Excessive levels of stress have been shown to harm flight performance. But not experiencing heightened stress and arousal during demanding flight procedures might also be an indicator of poor performance, according to new research published in The International Journal of Aerospace Psychology.
“As a university of pilots, we care about the stress of our students, and every day we are willing to enhance the methodology to train them. Since the stress factor has been previously demonstrated to affect performance, we wanted to study this factor in our case of pilot students,” said study author Toni Valles-Catala, head of research at the Center for Higher Aviation Studies in Catalonia.
In the study, 41 student pilots wore a wristband that recorded electrodermal activity, an objective and reliable measure of stress, as they completed several flight tasks in a simulator, including non-precision approaches, go-arounds, and engine failure emergency procedures. Their performance on these tasks was judged by a panel of flight instructors.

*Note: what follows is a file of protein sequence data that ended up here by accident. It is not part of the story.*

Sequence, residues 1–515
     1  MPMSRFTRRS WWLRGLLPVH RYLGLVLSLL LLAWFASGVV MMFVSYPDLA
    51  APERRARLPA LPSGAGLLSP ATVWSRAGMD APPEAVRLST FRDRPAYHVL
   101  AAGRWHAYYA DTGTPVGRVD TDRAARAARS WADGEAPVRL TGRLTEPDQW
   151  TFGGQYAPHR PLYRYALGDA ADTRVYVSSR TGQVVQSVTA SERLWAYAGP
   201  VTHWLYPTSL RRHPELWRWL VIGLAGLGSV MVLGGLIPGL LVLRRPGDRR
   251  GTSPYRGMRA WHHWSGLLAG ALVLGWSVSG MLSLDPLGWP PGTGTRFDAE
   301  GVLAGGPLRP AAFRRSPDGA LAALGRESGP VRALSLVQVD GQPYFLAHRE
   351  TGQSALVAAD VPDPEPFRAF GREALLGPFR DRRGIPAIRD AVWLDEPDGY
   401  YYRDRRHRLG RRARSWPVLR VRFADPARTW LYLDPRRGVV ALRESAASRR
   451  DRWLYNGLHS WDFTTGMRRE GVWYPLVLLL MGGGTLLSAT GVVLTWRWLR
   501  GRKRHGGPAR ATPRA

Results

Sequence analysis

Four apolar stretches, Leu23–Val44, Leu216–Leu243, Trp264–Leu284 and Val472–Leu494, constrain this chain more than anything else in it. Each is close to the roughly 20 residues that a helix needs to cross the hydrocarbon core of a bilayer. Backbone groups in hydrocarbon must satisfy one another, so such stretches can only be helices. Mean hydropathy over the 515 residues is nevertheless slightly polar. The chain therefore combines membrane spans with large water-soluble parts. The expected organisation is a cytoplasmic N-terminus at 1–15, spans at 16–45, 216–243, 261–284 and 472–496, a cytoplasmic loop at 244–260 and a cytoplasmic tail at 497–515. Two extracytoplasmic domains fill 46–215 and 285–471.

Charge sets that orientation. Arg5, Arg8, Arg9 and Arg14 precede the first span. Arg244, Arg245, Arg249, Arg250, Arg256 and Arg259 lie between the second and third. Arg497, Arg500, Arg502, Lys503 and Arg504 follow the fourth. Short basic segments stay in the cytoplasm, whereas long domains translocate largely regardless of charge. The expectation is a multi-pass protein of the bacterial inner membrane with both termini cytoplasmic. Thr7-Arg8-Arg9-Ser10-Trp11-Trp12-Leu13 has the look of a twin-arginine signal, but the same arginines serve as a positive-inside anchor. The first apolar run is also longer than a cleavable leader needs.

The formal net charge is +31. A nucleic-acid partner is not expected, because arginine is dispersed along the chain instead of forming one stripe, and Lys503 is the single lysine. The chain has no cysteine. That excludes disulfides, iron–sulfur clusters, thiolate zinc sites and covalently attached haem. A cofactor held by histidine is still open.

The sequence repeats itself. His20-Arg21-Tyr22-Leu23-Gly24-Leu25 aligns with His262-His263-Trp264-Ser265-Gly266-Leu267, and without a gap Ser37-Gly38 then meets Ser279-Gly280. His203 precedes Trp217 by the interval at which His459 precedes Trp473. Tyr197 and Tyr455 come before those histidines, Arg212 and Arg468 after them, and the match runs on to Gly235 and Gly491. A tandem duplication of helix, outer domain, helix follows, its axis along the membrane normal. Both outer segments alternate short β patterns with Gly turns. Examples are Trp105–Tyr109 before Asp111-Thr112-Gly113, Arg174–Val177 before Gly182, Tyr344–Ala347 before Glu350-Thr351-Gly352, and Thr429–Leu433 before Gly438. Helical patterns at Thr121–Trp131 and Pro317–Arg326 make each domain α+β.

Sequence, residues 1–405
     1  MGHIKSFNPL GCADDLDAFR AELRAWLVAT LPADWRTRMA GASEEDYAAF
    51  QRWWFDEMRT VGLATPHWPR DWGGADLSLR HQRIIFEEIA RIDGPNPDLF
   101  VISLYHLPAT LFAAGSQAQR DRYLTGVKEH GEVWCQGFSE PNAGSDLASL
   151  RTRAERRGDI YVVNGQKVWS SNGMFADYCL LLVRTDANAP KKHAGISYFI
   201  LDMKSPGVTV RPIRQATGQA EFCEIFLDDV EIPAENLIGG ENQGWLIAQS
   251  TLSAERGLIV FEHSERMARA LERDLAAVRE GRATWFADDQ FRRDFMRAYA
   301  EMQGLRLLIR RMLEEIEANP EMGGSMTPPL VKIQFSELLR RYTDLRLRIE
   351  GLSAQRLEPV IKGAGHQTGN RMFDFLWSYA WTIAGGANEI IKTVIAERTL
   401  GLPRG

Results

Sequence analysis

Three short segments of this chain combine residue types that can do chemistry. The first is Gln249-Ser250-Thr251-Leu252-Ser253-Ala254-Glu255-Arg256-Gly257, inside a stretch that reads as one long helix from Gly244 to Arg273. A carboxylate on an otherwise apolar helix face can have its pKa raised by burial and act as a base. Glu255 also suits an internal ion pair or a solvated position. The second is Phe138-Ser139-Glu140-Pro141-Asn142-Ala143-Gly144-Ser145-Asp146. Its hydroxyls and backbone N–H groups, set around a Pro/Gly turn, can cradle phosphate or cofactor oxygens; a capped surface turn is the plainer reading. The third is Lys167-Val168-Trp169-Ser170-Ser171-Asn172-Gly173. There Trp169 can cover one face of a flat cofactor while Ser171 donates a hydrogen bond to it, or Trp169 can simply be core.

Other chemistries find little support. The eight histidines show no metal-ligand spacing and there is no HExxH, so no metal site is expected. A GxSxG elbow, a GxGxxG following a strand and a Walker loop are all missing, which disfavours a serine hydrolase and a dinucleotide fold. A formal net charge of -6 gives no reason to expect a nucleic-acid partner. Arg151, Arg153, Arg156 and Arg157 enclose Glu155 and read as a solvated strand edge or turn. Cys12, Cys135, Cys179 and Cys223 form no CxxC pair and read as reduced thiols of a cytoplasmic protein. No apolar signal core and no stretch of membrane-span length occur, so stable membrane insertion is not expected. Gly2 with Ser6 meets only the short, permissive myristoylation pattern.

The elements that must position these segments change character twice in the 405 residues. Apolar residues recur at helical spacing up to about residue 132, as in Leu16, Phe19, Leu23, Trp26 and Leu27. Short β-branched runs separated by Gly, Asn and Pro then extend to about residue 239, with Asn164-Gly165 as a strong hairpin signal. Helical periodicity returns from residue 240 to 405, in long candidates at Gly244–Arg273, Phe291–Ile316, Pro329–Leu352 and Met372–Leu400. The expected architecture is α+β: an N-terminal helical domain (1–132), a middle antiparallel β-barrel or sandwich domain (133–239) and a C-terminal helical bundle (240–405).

Tasks of higher complexity were associated with a spike in electrodermal activity, and this heightened physiologically stress response was associated with good performance for most of the student pilots. “It is reasonable to think that highly demanding tasks require greater arousal if they are to be completed correctly,” the researchers said.
However, some students had weaker physiologically stress responses and poorer performance in highly demanding situations.
“We studied the stress of student pilots in simulated flight, and we observed that when they get involved in the highly demanding tasks, they perform better. However, we also observed that some students (although they may perform well on the flight as a whole) poorly performed a highly demanding task,” Valles-Catala told PsyPost.
“The last conclusion was unexpected, since we understand that student pilots need to be concentrated during the flight, especially during highly demanding tasks. We suggest that this could be due to fatigue, a lack of motivation, level of skills, or even overconfidence, all of which are variables that should be assessed in future work. Another interesting point to be addressed is to observe whether this happens in real flight.”
The study, “Effects of Stress on Performance during Highly Demanding Tasks in Student Pilots“, was authored by Toni Vallès-Català, Anna Pedret, Diana Ribes, David Medina, and Miquel Traveria.